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In my online search I have not come across any references to Jesus in the Talmud Yerushalmi. I realize in the Bavli sometimes he is not identified by name or passages are censored/removed. I would like to know if there are any references to Jesus (or a person of another name who shares some characteristics of the 'historical' Jesus) that can be found in the Talmud Yerushalmi

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  • The Yerushalmi usually does not concern itself with stories ,so makes sense ישו does not make it in
    – sam
    Dec 4 '18 at 14:50
  • There's very little Aggada in the Yerushalmi. It's not like the Bavli. I don't know if Jesus is mentioned or not, but it wouldn't surprise me if he isn't.
    – Double AA
    Dec 4 '18 at 14:52
  • @sam and DoubleAA that sounds like a worthwhile answer.
    – Isaac Moses
    Dec 4 '18 at 14:55
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    2 down votes? really? Dec 5 '18 at 22:25
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    @TurkHill, there are many references, not none "at all, whatsoever". E.g. see Argon's suggested reference, or look at Sanhedrin 43a: "On Passover Eve they hung the corpse of Jesus the Nazarene after they killed him by way of stoning. And a crier went out before him for forty days, publicly proclaiming: Jesus the Nazarene is going out to be stoned because he practiced sorcery, incited people to idol worship, and led the Jewish people astray.". Or search for Jesus the Nazarene in The Sefaria Library. Aug 25 '20 at 18:20
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Firstly, Mr. J. wasn't only referred to by his name, he had other names that referenced him (see Jastrow, Wiki, Jewish Wiki). Thus, only searching his name will not always yield results. Secondly, the Talmud Yerushalmi was censored just like the Bavli - something to keep in mind. In general, many 'famous' passages found in the Bavli were earlier teachings that were compiled into the Yerushalmi long before the Bavli was completed, so there is often overlap.

Shabbat 14:4 presents a story which also appears in Bavli Avodah Zarah 27b (and Tosefta, Chulin 2; see Tosafot, Sanhedrin 27b, Ed. Oz Vehahdar, note #20). This discuses the censorship in Yerushalmi and this the Bavli.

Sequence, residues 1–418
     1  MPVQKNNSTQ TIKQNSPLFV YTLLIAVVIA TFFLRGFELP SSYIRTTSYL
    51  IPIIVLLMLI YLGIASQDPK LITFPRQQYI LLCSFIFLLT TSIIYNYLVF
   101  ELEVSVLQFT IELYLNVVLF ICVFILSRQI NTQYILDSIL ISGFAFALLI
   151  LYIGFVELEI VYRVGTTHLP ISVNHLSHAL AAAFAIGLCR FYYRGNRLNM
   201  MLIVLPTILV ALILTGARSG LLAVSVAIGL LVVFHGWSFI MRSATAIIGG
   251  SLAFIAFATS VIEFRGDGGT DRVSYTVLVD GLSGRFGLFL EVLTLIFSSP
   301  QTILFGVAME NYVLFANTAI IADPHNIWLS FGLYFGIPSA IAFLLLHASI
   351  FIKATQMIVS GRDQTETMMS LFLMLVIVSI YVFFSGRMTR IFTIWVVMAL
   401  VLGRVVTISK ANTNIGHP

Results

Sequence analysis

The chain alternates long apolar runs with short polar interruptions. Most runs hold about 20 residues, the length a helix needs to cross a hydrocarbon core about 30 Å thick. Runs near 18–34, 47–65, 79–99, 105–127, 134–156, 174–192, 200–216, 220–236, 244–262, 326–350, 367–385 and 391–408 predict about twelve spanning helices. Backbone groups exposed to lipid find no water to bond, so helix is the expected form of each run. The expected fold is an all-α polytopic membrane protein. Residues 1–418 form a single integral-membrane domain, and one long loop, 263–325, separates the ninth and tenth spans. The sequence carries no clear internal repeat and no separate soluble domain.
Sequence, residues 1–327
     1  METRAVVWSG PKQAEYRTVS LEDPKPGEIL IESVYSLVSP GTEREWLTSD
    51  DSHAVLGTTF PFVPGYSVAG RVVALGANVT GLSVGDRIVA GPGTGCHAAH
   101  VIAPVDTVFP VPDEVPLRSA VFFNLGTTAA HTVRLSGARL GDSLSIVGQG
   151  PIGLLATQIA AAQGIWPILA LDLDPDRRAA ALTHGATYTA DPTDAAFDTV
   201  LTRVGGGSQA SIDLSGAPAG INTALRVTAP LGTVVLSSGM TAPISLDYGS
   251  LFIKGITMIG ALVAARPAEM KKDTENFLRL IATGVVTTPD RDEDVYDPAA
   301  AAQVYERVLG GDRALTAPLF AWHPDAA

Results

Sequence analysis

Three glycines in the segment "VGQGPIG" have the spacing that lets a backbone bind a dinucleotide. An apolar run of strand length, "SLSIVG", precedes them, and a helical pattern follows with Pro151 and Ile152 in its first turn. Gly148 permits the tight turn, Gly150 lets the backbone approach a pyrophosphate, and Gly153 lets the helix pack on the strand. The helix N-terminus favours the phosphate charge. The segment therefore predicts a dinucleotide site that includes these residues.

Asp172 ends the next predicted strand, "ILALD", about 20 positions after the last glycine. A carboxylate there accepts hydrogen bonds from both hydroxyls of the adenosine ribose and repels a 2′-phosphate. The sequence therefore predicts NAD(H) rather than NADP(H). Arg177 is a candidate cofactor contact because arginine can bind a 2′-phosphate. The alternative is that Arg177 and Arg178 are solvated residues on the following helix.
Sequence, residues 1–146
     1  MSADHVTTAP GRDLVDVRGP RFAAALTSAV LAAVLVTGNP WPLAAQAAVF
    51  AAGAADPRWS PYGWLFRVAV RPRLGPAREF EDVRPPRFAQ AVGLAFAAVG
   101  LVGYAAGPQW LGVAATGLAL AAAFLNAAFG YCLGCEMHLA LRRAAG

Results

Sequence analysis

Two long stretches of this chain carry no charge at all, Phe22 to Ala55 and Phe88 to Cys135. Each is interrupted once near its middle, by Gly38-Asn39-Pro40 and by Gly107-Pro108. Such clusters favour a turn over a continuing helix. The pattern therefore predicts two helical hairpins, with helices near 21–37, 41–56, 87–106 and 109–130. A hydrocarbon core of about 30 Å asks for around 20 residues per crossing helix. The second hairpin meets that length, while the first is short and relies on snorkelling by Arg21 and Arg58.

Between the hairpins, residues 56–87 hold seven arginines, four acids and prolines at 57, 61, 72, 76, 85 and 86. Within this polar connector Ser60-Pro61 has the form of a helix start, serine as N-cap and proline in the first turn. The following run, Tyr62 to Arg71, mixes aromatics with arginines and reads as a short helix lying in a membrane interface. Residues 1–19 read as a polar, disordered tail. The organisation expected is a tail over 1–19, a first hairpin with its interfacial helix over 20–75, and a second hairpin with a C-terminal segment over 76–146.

Yerushalmi [standard] censored:

מעשה בר' אלעזר בן דמה שנשכו נחש ובא יעקב איש כפר סמא לרפותו ולא הני לו ר' ישמעאל. אמר לו אני מביא ראייה שירפאנו לא הספיק להביא ראייה עד שמת בן דמה.

Uncensored, according to here (See Plates 1, 2):

מעשה בר' אלעזר בן דמה שנשכו נחש ובא יעקב איש כפר סמא משם של ישו פנדירא לרפותו ולא הניח לו רבי ישמעאל אמר לו אני מביא ראייה שירפאני לא הספיק להביא ראייה עד שמת בן דמה

The consensus is that איש כפר סמא was in relation with Mr. J. himself one way or another, if not said directly in his name.

Yevamot 16:6 (from here) mentions the equivalent (additions in) Bavli 67a (more discussion here). [Munich Manuscript does not have yeshu either; see Plate 6]

ישו בן פנדירא נתלה בערב פסח בלוד משום שהסית, ואף הכמינו עדים בשביל להרוג אותו על כה

However, all Yerushalmi versions of the incident only mention ben stada; see Plates, 3, 4. The Leiden Manuscript (Plate 5) seems to have a corrupted version, with lines drawn on top, perhaps indicating the corrupted text.

שכן עשו לבן סטדא בלוד שהכמינו לו שני תלמידי חכמים והביאוהו לבית דין וסקלוהו


[Plate 1: Shabbat, Venice 1523 - The Chaim Elozor Reich z"l / Renaissance Hebraica Collection][12] [![Shabat][13]][13]

Plate 2: Shabbat, Kraków 1609 - The Chaim Elozor Reich z"l / Renaissance Hebraica Collection shabbat

Plate 3: Yevamot, Kraków 1609 - The Chaim Elozor Reich z"l / Renaissance Hebraica Collection Yebamot

Plate 4: Yevamot, Venice 1523 - The Chaim Elozor Reich z"l / Renaissance Hebraica Collection Yebamot

Plate 5: Yevamot, Leiden Manuscript 1289 yebamot

Plate 6: Sanhedrin, Munich Manuscript 1342 Sanhedrin

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  • It also appears in AZ perek 2
    – sam
    Dec 4 '18 at 20:25
  • There is an old manuscript ,will check it to see if that Yerushalmi has it
    – sam
    Dec 4 '18 at 20:26
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    @rikitikitembo This essay, by Dr. Solomon Zeitlin, should be of interest to you.
    – Oliver
    Dec 4 '18 at 22:12
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    @rikitikitembo Here’s a more direct link to the afore cited essay.
    – Oliver
    Jan 24 '19 at 17:48
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    And another thorough essay on the topic (dispelling common theories) by Jacob Lauterbach.
    – Oliver
    Jan 27 '19 at 3:14

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